But why this substandard quality of journalism in the Czech Republic? Both Volek and the Institute of Democracy for All, a media monitoring group, have argued that this deficiency is caused by the consolidation of ownership and commercialization, even “tabloidization“of the media.

After the fall of communism in 1989, a rush to privatize all state assets ensued. The Czech media were no exception.

“The Czech Republic,“ writes Milan Šmíd in "Media Ownership and Its Impact on Media Independence and Pluralism.", a 2004 Peace Institute report, “was the first country in Central and Eastern Europe to award a nation-wide broadcasting license to a private person, and to allocate a complete network of frequencies formerly used by public television to private television. . . (By 1993), there were no state media in the country. Three former state media outlets, i.e. Czech Television, Czech Radio and the Czech Press Agency (CTK) already operated as independent public service companies. . . All other media companies were in private hands.“

Now with more than eighty percent of all state-run enterprises privatized, the Czech Republic, with a population of just over 10 million, has the highest concentration of foreign-owned press in Central and Eastern Europe after Poland.

Although 87 percent of Czech print media outlets are foreign-owned, with German and Swiss companies owning 80 percent of Czech newspapers and magazines, the media monitoring group Institute of Democracy for All asserts that commercialization, homogenization and a trend toward infotainment have much more of an impact on today’s journalism than the nationality of the media owners.

Volek expresses a similar analysis:
Unable to reconcile their former role with the demands of the new technology and economic pressures, journalists have gradually been "de-intellectualized" and reduced to administering the machinery of communication. The "new type of journalist" as a "media employee", whose existence depends on respecting the dominant logic of infotainment has, for now, won out over the traditional role of the journalist as reporter and interpreter of events.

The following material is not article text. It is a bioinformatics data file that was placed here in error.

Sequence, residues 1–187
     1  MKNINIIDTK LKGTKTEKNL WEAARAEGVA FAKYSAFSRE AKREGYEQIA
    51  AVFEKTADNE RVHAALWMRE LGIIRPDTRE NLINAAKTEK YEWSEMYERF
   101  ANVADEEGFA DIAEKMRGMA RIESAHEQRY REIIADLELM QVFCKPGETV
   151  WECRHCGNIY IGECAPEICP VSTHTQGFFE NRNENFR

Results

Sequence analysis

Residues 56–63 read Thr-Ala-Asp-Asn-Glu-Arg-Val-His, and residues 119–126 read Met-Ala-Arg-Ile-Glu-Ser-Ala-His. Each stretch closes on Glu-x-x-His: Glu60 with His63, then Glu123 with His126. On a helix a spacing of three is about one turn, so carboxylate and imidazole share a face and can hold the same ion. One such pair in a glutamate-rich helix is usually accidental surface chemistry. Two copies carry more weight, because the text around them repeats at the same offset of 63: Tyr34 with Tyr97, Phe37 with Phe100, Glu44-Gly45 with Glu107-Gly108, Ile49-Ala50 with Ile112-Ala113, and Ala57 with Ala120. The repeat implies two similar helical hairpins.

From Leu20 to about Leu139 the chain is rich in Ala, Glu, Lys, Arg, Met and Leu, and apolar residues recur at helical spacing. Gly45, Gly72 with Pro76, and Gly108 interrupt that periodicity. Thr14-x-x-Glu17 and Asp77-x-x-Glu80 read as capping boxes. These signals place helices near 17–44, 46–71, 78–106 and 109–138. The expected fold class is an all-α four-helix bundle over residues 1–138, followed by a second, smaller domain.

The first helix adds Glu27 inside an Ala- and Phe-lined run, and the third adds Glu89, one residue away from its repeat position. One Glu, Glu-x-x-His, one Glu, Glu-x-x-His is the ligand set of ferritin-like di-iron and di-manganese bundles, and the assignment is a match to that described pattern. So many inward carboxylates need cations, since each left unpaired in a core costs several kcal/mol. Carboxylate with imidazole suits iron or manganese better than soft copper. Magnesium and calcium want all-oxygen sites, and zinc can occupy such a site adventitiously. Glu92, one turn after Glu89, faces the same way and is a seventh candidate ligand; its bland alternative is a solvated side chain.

He continues: "Most of the Czech media have adapted to the economic realities of the market: the media is just one more commodity forced to adapt to market imperatives as it comes ever closer to being little more than infotainment."

If mainstream journalists are so beholden to economic, and sometimes political pressures that content starts to become uncritical and tabloid-like, the role of independent media is even more important in terms of investigative reporting and of presenting of stories which may not have commercial appeal or mainstream political endorsement, but may be crucial to the understanding and reforming of the current political and social landscape in the Czech Republic. Such is the role media organizations like Romea, a Prague-based Roma news service, and my host organization Dženo which plans to launch an international, multilingual satellite broadcast on Roma issues and culture. The question is always that of funding and funding priorities.

"Media publishers and broadcasters support investigative journalism only exceptionally," writes media analyst Milan Šmíd in the Peace Institute media study," not because of its contentious nature, but because it is an expensive, time consuming and costly affair."

The current economic crisis is creating yet another excuse for those with the purse strings to divest from social services and causes. Perhaps there are still those funders who see the value of independent media and are willing to support the voices of the underrepresented for the long haul. Media freedom and diversity as well as independent and probing journalism are signs of a healthy democracy.


[The original version appeared on Tereza Bottman's blog.]

Thursday, July 1, 2010

Even for Highly Qualified Roma Candidates, Racism Still a Barrier in Czech Job Market

"I am very upset,” says Milan Kováč, who is visiting the Dženo Association office.

“You need to try harder,” one of my office mates jokes sarcastically and we all laugh, but the laughter is tinged with a sense of letdown.

Mr. Kováč, holds a college business degree, knows five languages and has many years of professional experience in settings ranging from the non-profit and government to the private sector. He has, for instance, worked as Project Manager at both, the Ministry of Youth and Sports and the non-profit Athinganoi, an organization specializing in supporting Romani students in obtaining secondary and post-secondary education.

Since losing his job eight months ago, he has been searching for work. He has applied for more than sixty positions and has gone through an average of seven job interviews a week to no avail.

Recently, he applied for the position of Local Coordinator at the governmental Agency for Social Inclusion in Roma Localities, which employs only one Roma of the total of twenty-five staff. As a strongly qualified applicant and a Roma himself, he was convinced his chances were high, especially considering the fact that the role of the agency is to promote the integration of Roma in socially excluded regions in the job market, among its other missions.